Clad in loincloths only, 9,000 men grapple with one another in the annual battle to be the owner of a pair of lucky sticks.
It might sound rather wacky, but the Hadaka Matsuri festival is a sacred and eccentric tradition in Japan which sees half-naked men vie for the ownership of the wooden sticks, called shingi.
Thrown into the baying mob by a priest, the man who successfully attains the shingi and manages to get them, upright, into a wooden box is said to be blessed with an entire year of happiness.
The 500-year-old festival at the Saidaiji Temple in the city of Okayama also sees other lucky charms thrown into the crowd such as bundles of willow strips.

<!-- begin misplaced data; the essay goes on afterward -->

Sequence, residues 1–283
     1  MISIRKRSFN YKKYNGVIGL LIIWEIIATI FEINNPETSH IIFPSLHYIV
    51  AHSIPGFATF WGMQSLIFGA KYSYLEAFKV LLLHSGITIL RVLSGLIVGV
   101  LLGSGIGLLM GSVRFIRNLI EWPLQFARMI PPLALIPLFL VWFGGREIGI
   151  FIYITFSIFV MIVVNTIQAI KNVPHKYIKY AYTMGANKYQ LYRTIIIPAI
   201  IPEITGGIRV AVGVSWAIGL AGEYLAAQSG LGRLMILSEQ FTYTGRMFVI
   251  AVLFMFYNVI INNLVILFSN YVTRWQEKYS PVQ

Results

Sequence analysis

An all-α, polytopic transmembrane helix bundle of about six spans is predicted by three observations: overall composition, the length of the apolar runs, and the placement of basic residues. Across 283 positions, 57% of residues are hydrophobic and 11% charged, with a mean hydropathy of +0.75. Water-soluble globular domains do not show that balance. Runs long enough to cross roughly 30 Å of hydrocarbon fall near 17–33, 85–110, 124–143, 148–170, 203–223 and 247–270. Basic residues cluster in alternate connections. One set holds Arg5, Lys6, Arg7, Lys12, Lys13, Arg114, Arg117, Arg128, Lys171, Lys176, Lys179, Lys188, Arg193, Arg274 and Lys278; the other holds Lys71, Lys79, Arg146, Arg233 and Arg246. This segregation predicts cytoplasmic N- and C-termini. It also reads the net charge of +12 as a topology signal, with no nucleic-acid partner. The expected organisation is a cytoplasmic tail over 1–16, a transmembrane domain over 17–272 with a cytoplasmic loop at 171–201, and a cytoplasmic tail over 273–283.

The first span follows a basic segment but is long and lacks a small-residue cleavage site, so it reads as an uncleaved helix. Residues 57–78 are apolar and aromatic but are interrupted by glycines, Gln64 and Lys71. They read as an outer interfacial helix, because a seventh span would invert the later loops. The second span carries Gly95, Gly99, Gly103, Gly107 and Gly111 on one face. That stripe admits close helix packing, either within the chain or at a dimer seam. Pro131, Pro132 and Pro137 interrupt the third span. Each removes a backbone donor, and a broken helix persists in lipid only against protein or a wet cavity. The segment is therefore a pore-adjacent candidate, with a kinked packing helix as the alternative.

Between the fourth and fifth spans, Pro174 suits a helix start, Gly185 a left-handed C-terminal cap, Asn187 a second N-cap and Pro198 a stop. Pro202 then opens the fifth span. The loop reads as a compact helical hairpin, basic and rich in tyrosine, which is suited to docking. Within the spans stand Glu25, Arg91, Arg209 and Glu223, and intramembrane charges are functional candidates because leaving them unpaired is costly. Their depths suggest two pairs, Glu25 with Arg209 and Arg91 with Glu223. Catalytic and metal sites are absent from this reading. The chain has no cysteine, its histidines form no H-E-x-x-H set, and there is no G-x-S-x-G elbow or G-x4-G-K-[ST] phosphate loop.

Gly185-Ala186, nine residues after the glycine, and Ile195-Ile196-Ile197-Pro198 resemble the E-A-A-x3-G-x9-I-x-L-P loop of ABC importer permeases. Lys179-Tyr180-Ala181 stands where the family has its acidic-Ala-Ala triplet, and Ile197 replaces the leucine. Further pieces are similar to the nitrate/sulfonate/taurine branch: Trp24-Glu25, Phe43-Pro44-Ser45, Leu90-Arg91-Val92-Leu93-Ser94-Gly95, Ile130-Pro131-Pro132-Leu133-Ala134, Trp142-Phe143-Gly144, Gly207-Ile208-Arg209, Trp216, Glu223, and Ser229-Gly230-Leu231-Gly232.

At midnight the lights are turned off, the 20cm-long sticks are thrown into the crowd, and, shouting ‘Wasshoi! Wasshoi!’, the men attempt to grab the sacred charms from one another.
The event, which is also known as the Naked Festival, happens every year on the third Saturday of February.
In its infancy half a millennium ago, participants would jostle for talismans made of paper but, because they were easily torn, the items had to be changed to something more durable.